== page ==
What is it like to gradually enter from receptive into more active mode? How do our own projections and expectations effect our experiencing? How can we experience our experiences? Can we sit still long enough to dig below the surface? How will each of us react when we encounter this particular structure? Can we create this work that is really beyond our means?


The ultimate unknown: What would result from the attempt to enact these admittedly idealistic questions as they contacted the realities of our circumstances?





The creation of a performance work in New York is a string of acts of commerce. We must advertise for actors and find designers, sell them the work, negotiate financial terms, seek out a venue, more negotiation, the same with PR, market the work to the public, and so on. Much energy goes towards fundraising and then box-office draw – even in so-called non-commercial theater. Four weeks in, four weeks out, buy sell sell sell. I wanted to see if we could make some headway against this, mainly because it’s unpleasant, also because that slight shift in intention – from artistic goals to financial ones – cuts the legs out from any work of art. A worm in the heart. 


Many more questions came up along the way: Is there a contract created in the buying of a ticket? What expectations do we create by asking attendees to pay? And how do those expectations change with the price of a $5 ticket? An $18 ticket? A $25 ticket? A $100 ticket? How does the language we use in describing the event create audience expectation? What happens if we choose not to meet those assumed expectations? To offer not something lesser but simply something other than the expected or assumed? Can we break through the critical mind with which so many of us encounter a work of art to allow for the possibility of deeper experience? How does this relate to the “American dream” and the other promises of our society with its Puritan-work-ethic heritage and the guarantees we assume if we do what we “should”, if we follow the path laid out for us? Can we create a production process not desperately focused on money?


These were among the major points of discussion in AliveWire meetings over the production of You Will Make A Difference. In terms of production, in large part, I think we did not ultimately manage to embody these questions, to attempt to answer them through practice rather than theory. We chose more of a middle road, a safer path that reflected funding needs and current theatre convention. A reasonable path.


Of course, in a society with few resources or possibilities for non-commercial art, we as creators find ourselves having to beg for money in order to create art directed at the broadest possible populace. In that situation, how could we free our spectators from the burden of expecting a product in line with the price tag and allow the possibility for another kind of experience?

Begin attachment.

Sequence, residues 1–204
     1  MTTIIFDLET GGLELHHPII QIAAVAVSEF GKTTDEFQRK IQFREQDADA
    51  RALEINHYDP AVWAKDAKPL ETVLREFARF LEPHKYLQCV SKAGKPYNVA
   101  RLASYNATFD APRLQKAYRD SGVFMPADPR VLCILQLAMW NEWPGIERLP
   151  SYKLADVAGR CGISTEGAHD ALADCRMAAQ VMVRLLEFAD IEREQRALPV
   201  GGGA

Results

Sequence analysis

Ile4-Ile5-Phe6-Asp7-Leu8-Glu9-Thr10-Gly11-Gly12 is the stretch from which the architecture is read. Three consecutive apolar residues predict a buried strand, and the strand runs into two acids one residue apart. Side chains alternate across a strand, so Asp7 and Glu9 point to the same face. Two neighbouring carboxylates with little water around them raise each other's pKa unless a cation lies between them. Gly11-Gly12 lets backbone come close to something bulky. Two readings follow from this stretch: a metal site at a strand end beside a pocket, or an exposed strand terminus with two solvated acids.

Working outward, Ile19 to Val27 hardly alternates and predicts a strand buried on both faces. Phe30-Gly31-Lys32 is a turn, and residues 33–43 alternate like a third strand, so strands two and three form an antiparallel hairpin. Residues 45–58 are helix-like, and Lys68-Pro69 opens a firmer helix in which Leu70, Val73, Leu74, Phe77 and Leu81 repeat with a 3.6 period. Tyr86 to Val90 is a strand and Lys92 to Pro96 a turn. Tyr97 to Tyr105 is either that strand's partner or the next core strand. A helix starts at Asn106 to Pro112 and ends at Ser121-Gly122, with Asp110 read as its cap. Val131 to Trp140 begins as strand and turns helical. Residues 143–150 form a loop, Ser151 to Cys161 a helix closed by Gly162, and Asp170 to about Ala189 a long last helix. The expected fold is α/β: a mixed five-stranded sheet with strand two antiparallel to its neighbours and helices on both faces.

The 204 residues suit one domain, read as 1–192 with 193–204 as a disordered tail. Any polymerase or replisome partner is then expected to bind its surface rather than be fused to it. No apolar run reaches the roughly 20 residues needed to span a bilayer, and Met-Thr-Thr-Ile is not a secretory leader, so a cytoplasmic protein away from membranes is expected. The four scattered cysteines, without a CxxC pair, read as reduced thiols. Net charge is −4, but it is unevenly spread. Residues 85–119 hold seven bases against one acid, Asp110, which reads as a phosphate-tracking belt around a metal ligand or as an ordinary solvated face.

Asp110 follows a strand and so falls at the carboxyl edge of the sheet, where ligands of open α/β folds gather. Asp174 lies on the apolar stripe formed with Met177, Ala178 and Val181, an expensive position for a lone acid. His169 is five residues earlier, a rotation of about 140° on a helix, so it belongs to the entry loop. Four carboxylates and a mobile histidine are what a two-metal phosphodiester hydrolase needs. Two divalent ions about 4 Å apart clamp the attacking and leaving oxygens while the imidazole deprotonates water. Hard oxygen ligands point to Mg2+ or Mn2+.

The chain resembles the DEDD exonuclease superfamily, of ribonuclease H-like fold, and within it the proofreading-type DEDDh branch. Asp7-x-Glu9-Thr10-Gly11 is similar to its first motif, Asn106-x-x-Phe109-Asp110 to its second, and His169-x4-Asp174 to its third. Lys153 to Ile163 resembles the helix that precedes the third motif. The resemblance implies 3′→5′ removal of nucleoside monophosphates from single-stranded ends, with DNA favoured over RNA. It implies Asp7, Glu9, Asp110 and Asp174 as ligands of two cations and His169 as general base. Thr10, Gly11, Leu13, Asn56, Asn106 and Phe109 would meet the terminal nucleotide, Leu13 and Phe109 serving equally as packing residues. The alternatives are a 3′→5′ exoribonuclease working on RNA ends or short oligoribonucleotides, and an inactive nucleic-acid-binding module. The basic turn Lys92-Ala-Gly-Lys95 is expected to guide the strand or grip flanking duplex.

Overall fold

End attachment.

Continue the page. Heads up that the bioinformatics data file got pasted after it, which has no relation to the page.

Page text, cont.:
It was proposed that we needed to have one night of performance as a “benefit night”, in which we would charge a much higher ticket price to help fund the production. To balance this, we decided to offer a meal – instead of the kind of ceremonial food that was already in the piece – as part of the performance that night. We decided to have two such nights, since I insisted on offering half of the those evenings’ tickets to non-paying attendees.


I’d hoped these could be people who worked for social-justice organizations or who were clients of such organizations, and otherwise people who could not afford the ticket. Particularly because these evenings – thanks to the sit-down meal – would afford spectators a chance to contact each other, I had hoped for a real convergence between people who had paid in some cases $100 and those who had paid nothing. Not much effort went into these outreach attempts, and very few such people were actually brought in the door. I consider this a major opportunity missed, though the meals would ultimately serve in some cases as a real coming together of people in an inclusive and refreshing way.


Similarly, to the question “Who is your intended audience?” I’d responded “everyone”. It was a real goal of mine to move beyond or at least away from the regular downtown-arts crowd, from the perspectives of location, pricing. I’d rather no one came than only the regular crowd. However, “everyone” is not an acceptable answer to “Who is your intended audience?” when talking marketing. The idea of a popular work of art – at least in these circumstances – was not only implausible but, from the reactions of some of my colleagues, not within the realm of consideration – in fact, absurd.

 Photos by Shelley Molad

I had hoped also, along with trying to mitigate the prime focus on money – which we did to some degree by getting the development residency at CAVE, the artistic team’s working for little money (some of us for nothing), getting some of our materials for free from donations (often provided by the designers themselves) and reuse organizations, and finding the church, a non-professional performance venue – to take self-aggrandizement out of the intention of our work. In this vein, I asked that we include the names of no individuals – even me – on any of the marketing materials, online or printed, but rather attribute it to the collective. This was rejected out of hand. Individual names would bring in more donations and audience and make our artistic team feel good.

The choice of West-Park proved proper for You Will Make A Difference. Working in a progressive, community space -- but an old one -- rather than an performance institution or venue -- meshed with both the ideals and aesthetics of the piece. (And, working in a church when so much of the underlying structure of the work came from medieval pageants was ideal for a rooting in tradition.) The hope of a more community-driven (rather than "professional"-driven) process came closest to realization here, particularly in some moments of coming together of a rather unofficial (if meager) build team to support the designers -- AliveWire, cast, friends, and a church member. Integration with the living church community (and its attendant moments of chaos) were essential.